Magickal Goody of the Day for July 14th – Calendula/ Marigold Healing Salve

Magickal Goody of the Day

witch potion 001

Calendula/ Marigold Healing Salve

Used externally for burns and irradiated skin, bruises, soreness, and skin ulcers. I love to use it for cracked, dry skin, eczema, diaper rash, and garden hands. It can help reduce bleeding and is wonderful for sore nipples and varicose veins! In other words, this salve is good for almost everything! And is a must-have in my healing cupboard.

3 cups dried calendula/ marigold petals
1 cup extra virgin olive oil, grape seed oil, or almond oil
2 ounces grated beeswax or beeswax pastilles
Optional: frankincense essential oil, 5 drops; tea tree oil, 5 drops
Cheesecloth
Heavy pot
Spoon
Measuring cup
Rubber band

Heat flowers in oil to a simmer (about 20 minutes).

Let the oil flower mixture set over night (the longer it sets, the stronger the salve).
Next, using cheese cloth over a clean cup or jar, strain the oil flower mixture (you will now have a lovely golden infusion).

In a double boiler, heat oil infusion and grated beeswax until melted and pour into clean jars and let cool, then seal (store in a cool dark place).

Magical uses: Being an herb of the sun, calendula can be used to remove negative energy. Oil can be used to consecrate tools, and the petals can be used as part of incense for divination.

The plant can be used in any ritual to honor the sun, as part of a sacred bath, incense, or strewing herb as well as to produce a yellow dye for and altar cloths for use in sun-honoring rituals. For protection, hang garlands of calendula over entry doors to prevent evil from entering.

Farmhouse Witchcraft
Penny Parker

Herb of the Day for July 14th is Sassafras

Herb of the Day

Sassafras

 Ague tree

(Sassafras officinale) 

Bark, root


Columbus is said to have sensed the nearness of land from the strong scent of sassafras. There is an old story that tells of the scent of sassafras carried out to sea by the wind; it helped Columbus to convince his mutinous crew that land was near.                                                         

Medicinal Uses:A hot infusion of dried root bark has been used to treat rheumatism, arthritis, gout, and as a wash for skin irritations, eczema, acne, and ulcers. Tea of the bark of the root was used by old timers as a spring tonic, to cleanse the blood. Good to flavor other herbs that have a disagreeable taste. Will relieve gas, ague, and colic. Taken warm, it is remedy for spasms. Good wash for inflamed eyes. Oil of sassafras is good for the toothache. Used as a wash, good for varicose ulcers. The bark of the roots contains a volatile oil that has anodyne and antiseptic properties.  The powdered leaves are used in Louisiana to thicken soup.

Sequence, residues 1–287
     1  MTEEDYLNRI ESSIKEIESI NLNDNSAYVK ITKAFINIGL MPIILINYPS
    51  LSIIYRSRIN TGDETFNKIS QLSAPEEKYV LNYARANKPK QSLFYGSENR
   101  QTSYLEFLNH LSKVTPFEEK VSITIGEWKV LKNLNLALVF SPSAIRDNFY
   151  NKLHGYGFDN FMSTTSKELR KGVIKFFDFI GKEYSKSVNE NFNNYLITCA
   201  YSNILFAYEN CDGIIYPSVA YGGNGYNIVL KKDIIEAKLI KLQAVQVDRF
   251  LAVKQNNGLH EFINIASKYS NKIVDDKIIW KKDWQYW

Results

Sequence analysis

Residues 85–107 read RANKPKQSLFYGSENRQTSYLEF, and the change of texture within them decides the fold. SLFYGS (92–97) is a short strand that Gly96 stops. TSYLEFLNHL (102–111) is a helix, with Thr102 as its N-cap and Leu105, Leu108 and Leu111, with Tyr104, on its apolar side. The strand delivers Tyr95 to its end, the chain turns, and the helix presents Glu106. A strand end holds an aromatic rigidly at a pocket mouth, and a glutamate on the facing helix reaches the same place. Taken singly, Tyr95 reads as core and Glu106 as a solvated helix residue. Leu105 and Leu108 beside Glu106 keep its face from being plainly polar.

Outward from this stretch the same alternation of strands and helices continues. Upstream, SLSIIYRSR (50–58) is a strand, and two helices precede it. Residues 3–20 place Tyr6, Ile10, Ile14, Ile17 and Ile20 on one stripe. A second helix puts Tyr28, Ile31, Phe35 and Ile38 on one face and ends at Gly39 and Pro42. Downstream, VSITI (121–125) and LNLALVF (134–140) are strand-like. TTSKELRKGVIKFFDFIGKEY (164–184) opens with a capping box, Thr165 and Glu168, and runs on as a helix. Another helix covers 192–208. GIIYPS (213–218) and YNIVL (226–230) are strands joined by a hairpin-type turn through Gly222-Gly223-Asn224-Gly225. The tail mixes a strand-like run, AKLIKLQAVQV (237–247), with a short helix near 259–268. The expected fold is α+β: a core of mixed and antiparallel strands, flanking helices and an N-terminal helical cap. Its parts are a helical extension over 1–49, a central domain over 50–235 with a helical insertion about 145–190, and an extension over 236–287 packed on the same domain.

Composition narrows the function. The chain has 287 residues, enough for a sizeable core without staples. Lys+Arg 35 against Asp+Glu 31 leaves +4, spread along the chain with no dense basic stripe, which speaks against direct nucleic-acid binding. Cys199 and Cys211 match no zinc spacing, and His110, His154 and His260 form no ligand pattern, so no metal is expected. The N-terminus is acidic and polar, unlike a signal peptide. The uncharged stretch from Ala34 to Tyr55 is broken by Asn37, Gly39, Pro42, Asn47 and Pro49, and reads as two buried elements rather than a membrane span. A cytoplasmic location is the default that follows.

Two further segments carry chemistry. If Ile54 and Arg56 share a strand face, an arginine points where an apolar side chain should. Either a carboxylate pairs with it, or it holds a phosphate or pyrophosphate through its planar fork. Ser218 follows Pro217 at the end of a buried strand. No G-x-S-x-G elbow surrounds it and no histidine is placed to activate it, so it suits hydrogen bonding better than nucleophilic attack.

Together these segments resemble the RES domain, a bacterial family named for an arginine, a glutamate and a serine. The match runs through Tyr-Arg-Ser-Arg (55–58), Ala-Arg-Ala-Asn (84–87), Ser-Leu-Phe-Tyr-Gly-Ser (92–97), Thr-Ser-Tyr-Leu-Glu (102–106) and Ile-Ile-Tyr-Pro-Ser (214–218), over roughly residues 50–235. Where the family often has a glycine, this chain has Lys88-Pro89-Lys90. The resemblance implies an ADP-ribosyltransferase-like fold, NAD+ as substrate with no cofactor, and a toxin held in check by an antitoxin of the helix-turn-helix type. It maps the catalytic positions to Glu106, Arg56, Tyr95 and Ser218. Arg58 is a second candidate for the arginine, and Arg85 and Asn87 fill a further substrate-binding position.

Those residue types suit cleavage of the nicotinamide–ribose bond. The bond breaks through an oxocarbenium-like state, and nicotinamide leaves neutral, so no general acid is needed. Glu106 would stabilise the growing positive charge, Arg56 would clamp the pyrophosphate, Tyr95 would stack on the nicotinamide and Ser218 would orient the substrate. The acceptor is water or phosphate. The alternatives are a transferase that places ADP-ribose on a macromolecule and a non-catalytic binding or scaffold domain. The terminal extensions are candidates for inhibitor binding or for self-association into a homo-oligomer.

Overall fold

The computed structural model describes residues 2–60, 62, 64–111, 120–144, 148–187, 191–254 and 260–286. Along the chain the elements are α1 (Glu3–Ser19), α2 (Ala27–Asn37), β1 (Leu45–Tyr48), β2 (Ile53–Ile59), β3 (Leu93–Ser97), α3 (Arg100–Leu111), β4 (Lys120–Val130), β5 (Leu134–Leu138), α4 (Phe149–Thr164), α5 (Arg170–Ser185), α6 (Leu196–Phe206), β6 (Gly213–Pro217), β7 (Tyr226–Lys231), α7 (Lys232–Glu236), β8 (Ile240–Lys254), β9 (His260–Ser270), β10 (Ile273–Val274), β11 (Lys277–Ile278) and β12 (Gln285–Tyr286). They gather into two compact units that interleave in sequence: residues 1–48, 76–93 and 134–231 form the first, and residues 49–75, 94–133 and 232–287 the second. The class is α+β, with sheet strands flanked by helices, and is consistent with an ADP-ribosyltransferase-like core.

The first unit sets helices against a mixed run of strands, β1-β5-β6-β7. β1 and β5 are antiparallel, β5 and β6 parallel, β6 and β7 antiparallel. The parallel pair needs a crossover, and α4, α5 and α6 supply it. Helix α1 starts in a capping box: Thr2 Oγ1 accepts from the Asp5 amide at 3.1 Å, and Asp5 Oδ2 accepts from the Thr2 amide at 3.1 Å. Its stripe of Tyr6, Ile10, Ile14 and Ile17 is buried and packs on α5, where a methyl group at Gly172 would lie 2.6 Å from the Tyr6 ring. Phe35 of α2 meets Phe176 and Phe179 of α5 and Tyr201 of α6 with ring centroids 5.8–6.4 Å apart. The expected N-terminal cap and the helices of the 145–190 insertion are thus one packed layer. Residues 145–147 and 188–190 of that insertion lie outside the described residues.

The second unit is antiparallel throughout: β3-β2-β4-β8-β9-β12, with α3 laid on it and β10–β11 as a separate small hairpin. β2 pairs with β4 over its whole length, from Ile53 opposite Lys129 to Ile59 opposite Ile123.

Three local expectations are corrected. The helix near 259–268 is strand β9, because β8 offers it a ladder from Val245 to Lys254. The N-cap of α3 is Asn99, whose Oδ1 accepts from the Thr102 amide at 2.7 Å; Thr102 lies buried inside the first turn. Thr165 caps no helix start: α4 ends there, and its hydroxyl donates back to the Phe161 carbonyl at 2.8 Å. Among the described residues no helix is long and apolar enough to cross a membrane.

Sassafras should be avoided by women who are pregnant or breast-feeding.

Magickal uses: Sassafras is added to prosperity incenses. Carry it in the purse or wallet for this reason. It is also added to spells and sachets for healing.

Properties: Aromatic, stimulant, alterative, diaphoretic, diuretic, antiseptic. Contains a volatile oil, resin, wax, camphor, fatty matter, albumen, starch, gum, lignin, tannic acid, salts, and a decomposition product of tannic acid known as sassafrid.

Growth: Sassafras officinale is a small tree with green twigs and large simple or lobed leaves. It grows to 40 ft tall and10 in. in diameter with a narrow crown. The bark is thick, gray to brown, deeply furrowed. The twigs are thin, usually greenish, smooth, glabrous. The buds are rounded, greenish, covered with four scales. The leaves are variable, entire or with 2 or 3 lobes, elliptical in outline, 3-5 in long and 1.6-4 in. wide, shiny green above and paler below. The flowers are small, yellowish green, clustered at end of leafless twigs in early spring. The fruits are elliptical blue-black berries about 0.4 in. long in a red cup on a long red stalk, ripening in Fall. Sassafras is native to about the eastern half of the U. S. It is found scattered in upland and bottomland forests, often forming thickets in abandoned fields and other disturbed areas.

Take no more than a week at a time.

Infusion: steep 1 tsp. bark of root in 1 cup of water. Take 1 cup per day.

Tincture: A dose is 15 to 30 drops.

I personally place a large root in a large pot of water and boil until the water has become dark red. I then sweeten it to taste.  (Crick)
Reference
Author: Crick

Herb of the Day for June 23rd is Gingko

Herb of the Day

Gingko

Maidenhair Tree


The name “Gingko” comes from the Chinese, meaning  “silver fruit” or “white nuts.”                                                                         
Medicinal Uses: Gingko Biloba is used to treat memory loss and difficulties, and is used to treat head injuries. It is also used to treat tinnitus, circulatory problems, strengthening the cardiac system, impotence, asthma, allergies that affect breathing, and Alzheimer’s disease, in its early stages. Its properties enable the opening of the smaller veins, helping to improve circulation to all organs and especially the heart.